Thanks for the impute guys, I’m going through boxes in the garage to find some papers from years back, which specifically relate to F-5/F-20 and
F-16/F-18 topic we’re discussing in the other thread.
I happen to come across the pamphlet and just had to ask what those pictures were.
Thanks to all, and I’m still looking for the documents for the F-16 thread.
From my rusty memory it was a development assessment report which early on made it clear that F-16s air intake will have severe problems, that its
airframe/landing gear will not allow it to be adapted for Navy use which will require the development of an entirely different aircraft (F/A-18),
that continuing changes of F-16s role and tech modifications will result in a all around average performer with questionable reliability, all while
development of the F-5 family could have fulfilled all of the requirements including models for Navy use.
Basically McDonnell Douglas knowing that General Dynamics General 401-16B/ YF-16 out lobbied Northrop’s P-530 / P-600 / P-610 / YF-17, jumped on the
opportunity and also began lobbying their butts of against Northrop, thus finally managing to kill the F-20 by 1986, all while through out the time
they were working on the 18 which first flew 1978, and to add insult to injury, both T20 and F-18 were powered by the same F404 engines.
The whole thing was a power struggle between airspace corporations, which is clear especially considering that Northrop later joined up with McDonnell
Douglas to make some dirty deals for which they were cough back in 1993.
Northrop got cough making payoffs to undercut Beloit Corporation, all while they joined up with McDonnell Douglas to sell 64 F/A-18s to Finland for
the total of $3 billion.
The F-20 is powered by a General Electric F404 engine, with 17,000 pounds of thrust. The F404 is recognized as one of the world's most reliable
advanced technology engines. It is also used to power the U.S. Navy/Marine Corps F/A-18A Hornet strike fighter. Aerodynamic features of the F-20
included an enlarged leading edge extension to the wing, which generated up to 30 percent of the lift maneuvers. The "shark-shaped" nose allowed the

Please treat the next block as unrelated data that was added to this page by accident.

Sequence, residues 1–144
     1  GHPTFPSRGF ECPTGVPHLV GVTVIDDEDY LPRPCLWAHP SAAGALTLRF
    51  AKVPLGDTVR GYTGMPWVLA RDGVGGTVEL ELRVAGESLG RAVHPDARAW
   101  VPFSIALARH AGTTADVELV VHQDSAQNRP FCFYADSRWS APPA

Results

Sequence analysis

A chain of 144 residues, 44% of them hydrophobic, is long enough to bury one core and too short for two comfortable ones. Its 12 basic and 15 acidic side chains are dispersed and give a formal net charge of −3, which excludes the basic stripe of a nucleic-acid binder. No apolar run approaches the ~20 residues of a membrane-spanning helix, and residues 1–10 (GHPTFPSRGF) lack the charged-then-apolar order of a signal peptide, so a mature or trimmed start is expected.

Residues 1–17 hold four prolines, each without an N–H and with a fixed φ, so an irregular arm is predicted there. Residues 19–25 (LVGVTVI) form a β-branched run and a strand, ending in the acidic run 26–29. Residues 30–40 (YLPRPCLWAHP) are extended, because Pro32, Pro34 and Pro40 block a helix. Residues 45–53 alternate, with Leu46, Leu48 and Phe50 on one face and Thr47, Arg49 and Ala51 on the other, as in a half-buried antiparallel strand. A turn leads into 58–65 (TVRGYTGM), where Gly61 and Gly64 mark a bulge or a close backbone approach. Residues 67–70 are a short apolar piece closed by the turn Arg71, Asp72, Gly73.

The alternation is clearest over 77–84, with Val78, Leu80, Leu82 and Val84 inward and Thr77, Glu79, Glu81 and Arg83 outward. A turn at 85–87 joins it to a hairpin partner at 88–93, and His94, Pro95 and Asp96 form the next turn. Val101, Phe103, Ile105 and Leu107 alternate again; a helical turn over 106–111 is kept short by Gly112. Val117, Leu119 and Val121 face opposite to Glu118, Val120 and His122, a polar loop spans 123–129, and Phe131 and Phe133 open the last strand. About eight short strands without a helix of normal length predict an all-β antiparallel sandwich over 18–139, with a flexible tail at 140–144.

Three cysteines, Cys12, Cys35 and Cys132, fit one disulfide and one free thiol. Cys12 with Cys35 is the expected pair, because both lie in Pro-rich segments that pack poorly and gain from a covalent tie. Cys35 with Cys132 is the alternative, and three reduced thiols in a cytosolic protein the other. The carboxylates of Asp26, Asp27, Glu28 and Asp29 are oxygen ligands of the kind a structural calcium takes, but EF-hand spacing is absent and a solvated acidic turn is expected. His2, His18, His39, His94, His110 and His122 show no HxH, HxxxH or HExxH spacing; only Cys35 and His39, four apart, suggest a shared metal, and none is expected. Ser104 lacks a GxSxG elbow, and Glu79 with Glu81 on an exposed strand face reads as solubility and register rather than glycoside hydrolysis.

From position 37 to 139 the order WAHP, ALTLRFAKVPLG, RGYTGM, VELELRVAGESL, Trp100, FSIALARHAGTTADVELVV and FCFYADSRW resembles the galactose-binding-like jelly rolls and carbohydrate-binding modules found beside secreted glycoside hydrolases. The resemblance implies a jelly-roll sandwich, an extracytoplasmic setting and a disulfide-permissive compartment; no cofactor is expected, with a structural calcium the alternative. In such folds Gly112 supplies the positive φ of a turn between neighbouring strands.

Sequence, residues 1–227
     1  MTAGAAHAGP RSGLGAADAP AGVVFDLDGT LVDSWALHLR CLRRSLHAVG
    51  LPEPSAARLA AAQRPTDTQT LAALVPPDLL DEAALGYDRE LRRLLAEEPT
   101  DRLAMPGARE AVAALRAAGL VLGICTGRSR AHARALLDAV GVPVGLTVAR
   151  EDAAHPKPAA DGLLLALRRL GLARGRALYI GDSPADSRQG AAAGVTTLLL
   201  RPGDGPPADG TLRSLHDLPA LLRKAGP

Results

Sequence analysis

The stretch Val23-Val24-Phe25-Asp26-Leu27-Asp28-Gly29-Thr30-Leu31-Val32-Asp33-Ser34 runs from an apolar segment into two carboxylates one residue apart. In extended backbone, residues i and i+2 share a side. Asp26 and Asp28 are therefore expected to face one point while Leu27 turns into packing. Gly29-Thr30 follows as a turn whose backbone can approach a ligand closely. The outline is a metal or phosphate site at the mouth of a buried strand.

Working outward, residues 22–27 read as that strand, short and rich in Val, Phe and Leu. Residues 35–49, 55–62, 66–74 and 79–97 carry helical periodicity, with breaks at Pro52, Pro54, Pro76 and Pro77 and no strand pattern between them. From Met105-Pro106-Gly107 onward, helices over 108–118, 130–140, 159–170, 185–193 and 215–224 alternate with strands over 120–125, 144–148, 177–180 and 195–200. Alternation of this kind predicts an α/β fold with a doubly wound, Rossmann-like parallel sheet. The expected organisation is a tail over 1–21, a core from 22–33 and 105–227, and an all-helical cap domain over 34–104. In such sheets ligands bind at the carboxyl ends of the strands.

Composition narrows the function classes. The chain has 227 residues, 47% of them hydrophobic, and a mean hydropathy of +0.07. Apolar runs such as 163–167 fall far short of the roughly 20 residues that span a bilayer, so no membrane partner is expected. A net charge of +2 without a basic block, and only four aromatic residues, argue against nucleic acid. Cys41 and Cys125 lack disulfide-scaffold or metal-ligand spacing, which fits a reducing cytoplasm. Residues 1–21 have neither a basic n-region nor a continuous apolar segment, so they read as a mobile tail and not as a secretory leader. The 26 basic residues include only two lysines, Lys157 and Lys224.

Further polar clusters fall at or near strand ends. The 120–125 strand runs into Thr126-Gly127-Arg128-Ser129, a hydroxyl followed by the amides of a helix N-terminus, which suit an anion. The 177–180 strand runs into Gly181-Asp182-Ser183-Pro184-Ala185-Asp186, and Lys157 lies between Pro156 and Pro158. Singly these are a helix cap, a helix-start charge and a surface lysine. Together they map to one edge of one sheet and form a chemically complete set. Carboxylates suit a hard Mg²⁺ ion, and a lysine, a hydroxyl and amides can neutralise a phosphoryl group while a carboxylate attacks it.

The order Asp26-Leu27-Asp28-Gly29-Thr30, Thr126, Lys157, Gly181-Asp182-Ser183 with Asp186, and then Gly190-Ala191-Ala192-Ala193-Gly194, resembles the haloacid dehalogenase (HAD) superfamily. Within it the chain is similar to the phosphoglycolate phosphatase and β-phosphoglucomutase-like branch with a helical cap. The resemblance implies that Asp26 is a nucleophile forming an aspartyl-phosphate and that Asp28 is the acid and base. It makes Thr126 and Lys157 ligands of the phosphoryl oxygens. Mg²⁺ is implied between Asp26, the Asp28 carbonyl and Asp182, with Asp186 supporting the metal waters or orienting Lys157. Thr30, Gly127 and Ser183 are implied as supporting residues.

F-20 to maneuver at much higher angles of attack than current operational fighters. The F-20 airframe could withstand nine G's.
The F-20 was reliable and easy to maintain. Based on comparisons with the average of contemporary international fighters, the F-20 consumed 53 percent
less fuel, required 52 percent less maintenance manpower, had 63 percent lower operating and maintenance costs and had four times the
I’m sure everybody here will agree upon uncanny similarities between F-5s airframe/configuration and that of F/A-18, all while F-5 first flew in
Ironically, even back in the 80s testing showed that F-20 outperformed F-18 and did not have aerodynamic problems that Hornet did.
Another great example of that is the Iranian "Azarakhsh", which is what F-5 should have been back in the 60s, but instead together with the
unnecessary, unreliable and redundant F-16 we got the F/A-18 but about two decades late.
The only good things about F-16 are great export numbers and high profit margins. It’s was all about the business, the profits, and the all mighty
I’ll keep looking for the report so I can scan it in and get back on topic in the original thread, and if moderators think it’s appropriate and
needed fell free to move this post to the F-16 thread, I don’t mind.